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Investigation faults Obama administration's oversight of HealthCare.gov

FILE - This March 1, 2014 file photo shows part of the website for HealthCare.gov, photographed in Washington. Management failures by the Obama administration set the stage for the computer woes that paralyzed the president's new health care program last fall, nonpartisan investigators said in testimony released Wednesday. After a months-long investigation, the Government Accountability Office found that the administration lacked

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FILE - This March 1, 2014 file photo shows part of the website for HealthCare.gov, photographed in Washington. Management failures by the Obama administration set the stage for the computer woes that paralyzed the president's new health care program last fall, nonpartisan investigators said in testimony released Wednesday. After a months-long investigation, the Government Accountability Office found that the administration lacked "effective planning or oversight practices" for the development of HealthCare.gov, the online portal to coverage for millions of uninsured Americans. (AP Photo/Jon Elswick, File)

WASHINGTON - Management failures by the Obama administration set the stage for computer woes that paralyzed the president's new health care program last year, nonpartisan investigators said in a report released Wednesday.

While the administration was publicly assuring consumers that they would soon have seamless online access to health insurance, a chaotic procurement process was about to deliver a stumbling start.

Republicans have hammered at the president over the program known as "Obamacare" and hope to capitalize on its problems in the November congressional elections.

The health law, passed in 2010, is intended to extend insurance coverage to millions of Americans who had lacked it. Republicans have long opposed the law, particularly its requirement for Americans to carry insurance or face penalties.

Obama has already survived the worst fallout from the bungled launch of the program, so the report is unlikely to create major political problems for the White House and Democrats generally. But it does shine light on what was going on behind the scenes even as administration officials fostered the impression that signing for health care would be simple, like shopping online.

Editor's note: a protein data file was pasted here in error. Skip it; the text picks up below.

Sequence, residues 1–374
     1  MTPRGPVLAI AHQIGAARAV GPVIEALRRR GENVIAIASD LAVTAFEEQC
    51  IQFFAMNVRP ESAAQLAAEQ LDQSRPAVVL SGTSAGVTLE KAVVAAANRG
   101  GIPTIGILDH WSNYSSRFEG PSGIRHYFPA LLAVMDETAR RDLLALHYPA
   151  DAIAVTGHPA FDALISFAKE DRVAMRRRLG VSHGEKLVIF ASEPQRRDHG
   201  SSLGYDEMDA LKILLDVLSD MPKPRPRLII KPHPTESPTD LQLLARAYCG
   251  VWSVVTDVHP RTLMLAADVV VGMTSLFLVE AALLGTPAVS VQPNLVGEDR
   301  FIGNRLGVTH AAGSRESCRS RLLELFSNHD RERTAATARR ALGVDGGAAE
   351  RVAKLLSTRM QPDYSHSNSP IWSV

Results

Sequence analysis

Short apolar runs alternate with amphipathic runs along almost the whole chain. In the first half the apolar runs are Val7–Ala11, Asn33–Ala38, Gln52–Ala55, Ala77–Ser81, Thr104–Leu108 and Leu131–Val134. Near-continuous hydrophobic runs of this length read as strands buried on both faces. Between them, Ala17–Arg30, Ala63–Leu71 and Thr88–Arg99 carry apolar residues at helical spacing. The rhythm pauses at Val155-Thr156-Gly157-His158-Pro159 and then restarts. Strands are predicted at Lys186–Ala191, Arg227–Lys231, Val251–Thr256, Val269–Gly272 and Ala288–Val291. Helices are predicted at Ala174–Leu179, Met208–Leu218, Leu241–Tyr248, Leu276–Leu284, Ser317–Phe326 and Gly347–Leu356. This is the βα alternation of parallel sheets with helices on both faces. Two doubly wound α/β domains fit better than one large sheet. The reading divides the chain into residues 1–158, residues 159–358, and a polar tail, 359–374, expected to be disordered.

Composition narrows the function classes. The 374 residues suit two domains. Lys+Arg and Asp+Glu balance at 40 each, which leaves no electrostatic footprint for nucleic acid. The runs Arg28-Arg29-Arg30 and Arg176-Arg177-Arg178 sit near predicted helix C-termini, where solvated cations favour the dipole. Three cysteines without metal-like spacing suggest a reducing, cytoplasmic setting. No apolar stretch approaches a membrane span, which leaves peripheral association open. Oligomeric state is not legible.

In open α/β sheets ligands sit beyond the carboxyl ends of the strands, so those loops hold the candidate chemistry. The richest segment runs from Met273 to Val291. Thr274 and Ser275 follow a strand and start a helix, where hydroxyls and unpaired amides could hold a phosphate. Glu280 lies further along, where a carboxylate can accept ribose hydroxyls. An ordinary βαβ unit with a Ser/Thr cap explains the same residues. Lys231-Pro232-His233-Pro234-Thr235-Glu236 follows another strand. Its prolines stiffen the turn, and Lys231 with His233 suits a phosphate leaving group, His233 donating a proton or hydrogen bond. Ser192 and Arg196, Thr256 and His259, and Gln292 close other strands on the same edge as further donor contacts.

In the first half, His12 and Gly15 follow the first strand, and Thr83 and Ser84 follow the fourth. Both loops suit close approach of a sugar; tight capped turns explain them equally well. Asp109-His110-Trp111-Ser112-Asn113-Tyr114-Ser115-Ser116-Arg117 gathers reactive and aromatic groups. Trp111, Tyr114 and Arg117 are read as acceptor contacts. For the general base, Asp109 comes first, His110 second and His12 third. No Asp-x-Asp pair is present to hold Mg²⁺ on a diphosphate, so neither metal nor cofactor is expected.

Obama's political operatives harnessed technology to help him win a second term in the White House, but his staff has had its troubles with administrative details.

After a months-long investigation, the Government Accountability Office found that the administration lacked "effective planning or oversight practices" for the development of HealthCare.gov, the portal for millions of uninsured Americans.

As a result the government incurred "significant cost increases, schedule slips and delayed system functionality," William Woods, a GAO contracting expert, said in testimony prepared for a hearing Thursday by the House Energy and Commerce Committee. GAO is the nonpartisan investigative agency of Congress.

Spokesman Aaron Albright said the administration takes its responsibility for contract oversight seriously and has already started carrying out improvements that go beyond GAO's recommendations. The congressional investigators recommended a cost control plan and other changes to establish clear procedures and improve oversight.

But Sen. Orrin Hatch, a Republican and one of the lawmakers who requested the investigation, said "millions of taxpayer dollars were wasted to build a website that didn't work, all because of bureaucratic incompetence."

Investigators found that the administration kept changing the contractors' marching orders for the HealthCare.gov website, creating widespread confusion and adding tens of millions of dollars in costs. Changes were ordered seemingly willy-nilly, including 40 times when government officials did not have the initial authority to incur additional costs.

The report faults the Centers for Medicare and Medicaid Service for ineffective oversight. Known as CMS, the agency is part of the Department of Health and Human Services and was designated to administer Obama's health care law.

GAO concluded:

— Contractors were not given a coherent plan, and instead jumped around from issue to issue.

— The cost of a glitchy computerized sign-up system for consumers ballooned from $56 million to more than $209 million from Sept. 2011 to Feb. 2014. The cost of the electronic backroom for verifying applicants' information jumped from $30 million to almost $85 million.

— CMS, representing the administration, failed to follow up on how well the contractors performed.

—A third contract, for fixes to the website, grew from $91 million in January to $175 million as of last month.

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Online:

GAO report: http://www.gao.gov/products/GAO-14-694

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